Studies on post-World War II housing estates have largely focused on problematic neighbourhoods, and there is a scarcity of literature on housing estates across their entire social scale. Moreover, there is insufficient evidence on the extent to which tenure structure differentiates estates from each other in terms of social disorder. Using a large cluster sample of Finnish estates representing a wide variety of estate neighbourhoods, we examined the implications of tenure structure in terms of social disadvantage and perceived social disorder. We also studied how social interaction and normative regulation mediate the impact of structural estate characteristics. We found that rental domination is associated with social disadvantage, which exposes residents to social disorder, in line with social disorganisation theory. Differences in normative regulation partly explain this association. In contrast, social interaction in the neighbourhood is not associated with the level of perceived social disorder. The theoretical and practical implications of the results are discussed.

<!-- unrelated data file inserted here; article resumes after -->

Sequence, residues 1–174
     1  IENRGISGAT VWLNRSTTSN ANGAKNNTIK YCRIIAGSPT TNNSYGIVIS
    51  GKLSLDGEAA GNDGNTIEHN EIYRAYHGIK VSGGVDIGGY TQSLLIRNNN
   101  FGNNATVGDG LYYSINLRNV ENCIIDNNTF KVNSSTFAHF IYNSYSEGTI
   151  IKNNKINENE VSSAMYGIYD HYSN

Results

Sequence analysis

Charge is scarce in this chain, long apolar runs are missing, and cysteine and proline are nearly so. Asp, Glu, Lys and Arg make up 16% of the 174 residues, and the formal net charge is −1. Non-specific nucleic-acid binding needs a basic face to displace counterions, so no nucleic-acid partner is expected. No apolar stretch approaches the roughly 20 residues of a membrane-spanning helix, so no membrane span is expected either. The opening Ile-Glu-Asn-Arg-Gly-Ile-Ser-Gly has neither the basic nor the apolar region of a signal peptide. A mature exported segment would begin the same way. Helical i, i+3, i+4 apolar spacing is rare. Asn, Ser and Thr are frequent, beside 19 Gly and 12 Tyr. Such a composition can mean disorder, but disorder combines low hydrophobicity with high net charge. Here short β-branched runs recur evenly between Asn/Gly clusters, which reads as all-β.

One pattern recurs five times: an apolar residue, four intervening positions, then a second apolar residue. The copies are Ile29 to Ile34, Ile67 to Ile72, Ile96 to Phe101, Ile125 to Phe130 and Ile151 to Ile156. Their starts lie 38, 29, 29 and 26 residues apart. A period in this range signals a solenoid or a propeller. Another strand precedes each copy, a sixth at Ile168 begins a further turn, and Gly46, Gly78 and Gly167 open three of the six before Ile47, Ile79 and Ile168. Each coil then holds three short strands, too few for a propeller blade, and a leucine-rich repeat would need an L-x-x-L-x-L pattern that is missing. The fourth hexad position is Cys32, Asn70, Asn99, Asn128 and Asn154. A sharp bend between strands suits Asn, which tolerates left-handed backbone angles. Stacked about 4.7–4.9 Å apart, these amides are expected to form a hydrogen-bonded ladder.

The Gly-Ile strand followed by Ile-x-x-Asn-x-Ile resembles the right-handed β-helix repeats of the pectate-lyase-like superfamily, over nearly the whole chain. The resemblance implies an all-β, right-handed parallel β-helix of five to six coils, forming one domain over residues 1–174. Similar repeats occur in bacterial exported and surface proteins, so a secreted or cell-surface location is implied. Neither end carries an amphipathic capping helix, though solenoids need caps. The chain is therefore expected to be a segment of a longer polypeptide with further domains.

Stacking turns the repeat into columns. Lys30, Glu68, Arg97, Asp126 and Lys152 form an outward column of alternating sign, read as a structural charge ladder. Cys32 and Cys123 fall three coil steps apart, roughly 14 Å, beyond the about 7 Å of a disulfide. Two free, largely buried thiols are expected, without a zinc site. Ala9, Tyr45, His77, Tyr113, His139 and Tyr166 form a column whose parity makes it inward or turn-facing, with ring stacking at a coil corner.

- 5141 Sociologi
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Kemppainen, T. T., Kauppinen, T. M., Stjernberg, M. A., & Sund, R. T. (2018). Tenure structure and perceived social disorder in post-WWII suburban housing estates: A multi-level study with a representative sample of estates. Acta Sociologica, 61(3), 246-262. https://doi.org/10.1177/0001699317699052